Italy’s MoU on BRI is the first of its kind. But nearly half of EU members have already agreed to participate in the BRI. Italy is just the first large economy to do so. The Italy-China MoU could be a template for other EU countries and improve the negotiated standards between the EU and China. In a nutshell, Italy has opened the door for BRI to step into the heart of Europe.
Source: Indian Punchline
Italy has signed up for China’s multibillion-dollar “Belt and Road Initiative”, becoming the first Western European nation to jump on board despite scepticism from its EU counterparts and Washington.
Italian Prime Minister Giuseppe Conte and Chinese President Xi Jinping witnessed the signing of a memorandum of understanding on Beijing’s trade and infrastructure scheme on Saturday in Rome.
Among the 29 other agreements signed were two port management deals between China Communications Construction and the ports of Trieste, situated in the northern Adriatic Sea, and Genoa, Italy’s biggest seaport.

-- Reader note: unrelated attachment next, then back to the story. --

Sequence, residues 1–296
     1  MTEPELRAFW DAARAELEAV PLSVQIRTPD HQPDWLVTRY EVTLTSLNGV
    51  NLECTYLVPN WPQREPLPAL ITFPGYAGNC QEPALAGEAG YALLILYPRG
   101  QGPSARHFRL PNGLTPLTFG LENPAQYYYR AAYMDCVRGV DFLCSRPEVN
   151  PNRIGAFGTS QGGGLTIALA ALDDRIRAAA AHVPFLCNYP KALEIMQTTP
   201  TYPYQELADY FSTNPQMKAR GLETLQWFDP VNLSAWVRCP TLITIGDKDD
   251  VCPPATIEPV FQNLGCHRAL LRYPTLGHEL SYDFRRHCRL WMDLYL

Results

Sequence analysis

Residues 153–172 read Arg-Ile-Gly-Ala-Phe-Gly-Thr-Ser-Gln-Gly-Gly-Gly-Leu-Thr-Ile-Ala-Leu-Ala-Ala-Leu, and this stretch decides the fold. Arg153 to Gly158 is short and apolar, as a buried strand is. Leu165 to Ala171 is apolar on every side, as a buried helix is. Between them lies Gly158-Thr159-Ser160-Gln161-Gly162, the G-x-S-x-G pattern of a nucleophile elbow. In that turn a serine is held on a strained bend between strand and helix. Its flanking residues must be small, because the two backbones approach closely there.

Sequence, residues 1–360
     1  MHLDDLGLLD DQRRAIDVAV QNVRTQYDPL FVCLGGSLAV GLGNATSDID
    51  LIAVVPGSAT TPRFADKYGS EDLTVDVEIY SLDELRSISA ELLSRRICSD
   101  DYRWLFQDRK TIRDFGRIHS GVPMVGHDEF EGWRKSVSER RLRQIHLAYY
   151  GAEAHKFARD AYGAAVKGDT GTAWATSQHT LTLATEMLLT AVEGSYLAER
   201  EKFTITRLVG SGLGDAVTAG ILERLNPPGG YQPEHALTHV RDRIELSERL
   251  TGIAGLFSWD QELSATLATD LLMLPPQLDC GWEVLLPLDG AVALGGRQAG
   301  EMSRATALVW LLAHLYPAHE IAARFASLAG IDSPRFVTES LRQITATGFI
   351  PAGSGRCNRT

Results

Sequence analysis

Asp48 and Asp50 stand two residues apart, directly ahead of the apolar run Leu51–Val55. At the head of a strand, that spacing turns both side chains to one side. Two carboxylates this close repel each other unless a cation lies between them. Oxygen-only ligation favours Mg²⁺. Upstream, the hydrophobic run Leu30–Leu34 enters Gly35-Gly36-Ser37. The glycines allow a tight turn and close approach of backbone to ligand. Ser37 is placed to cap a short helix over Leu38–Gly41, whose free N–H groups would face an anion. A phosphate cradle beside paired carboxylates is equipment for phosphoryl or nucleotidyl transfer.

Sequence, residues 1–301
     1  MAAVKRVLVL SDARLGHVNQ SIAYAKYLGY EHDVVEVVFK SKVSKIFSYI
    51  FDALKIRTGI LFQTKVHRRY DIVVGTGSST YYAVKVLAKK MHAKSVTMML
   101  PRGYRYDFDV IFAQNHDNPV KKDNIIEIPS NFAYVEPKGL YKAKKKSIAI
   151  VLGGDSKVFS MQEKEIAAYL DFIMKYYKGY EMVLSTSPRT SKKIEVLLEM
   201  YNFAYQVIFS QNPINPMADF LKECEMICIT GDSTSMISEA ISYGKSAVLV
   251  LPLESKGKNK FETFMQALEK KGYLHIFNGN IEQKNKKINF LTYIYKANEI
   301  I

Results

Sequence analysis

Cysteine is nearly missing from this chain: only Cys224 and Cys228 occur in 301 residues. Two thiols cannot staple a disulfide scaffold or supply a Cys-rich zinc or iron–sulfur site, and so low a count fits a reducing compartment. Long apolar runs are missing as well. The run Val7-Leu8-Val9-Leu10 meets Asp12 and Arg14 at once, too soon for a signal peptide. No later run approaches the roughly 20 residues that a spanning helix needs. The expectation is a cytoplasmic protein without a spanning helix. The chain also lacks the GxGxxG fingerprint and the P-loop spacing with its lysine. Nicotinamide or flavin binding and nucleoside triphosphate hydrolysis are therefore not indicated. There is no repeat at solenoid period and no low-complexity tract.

While Genoa is a long-established port, Trieste has the most potential for China, Italian government sources earlier told the South China Morning Post.
The port is strategically important for China because it offers a link from the Mediterranean to landlocked countries such as Austria, Hungary, the Czech Republic, Slovakia and Serbia, all of which are markets Beijing hopes to reach through its belt and road programme.
Other deals signed cover areas including satellites, e-commerce, agriculture, beef and pork imports, media, culture, banking, natural gas and steel. The two countries also agreed to boost cooperation on innovation and science, increase bilateral trade and set up a finance ministers’ dialogue mechanism.
Although full details of the contracts were not given, a government source told Reuters the deals could be worth up to €20 billion (US$22.64 billion). The value was estimated at around €5 billion by Italian media.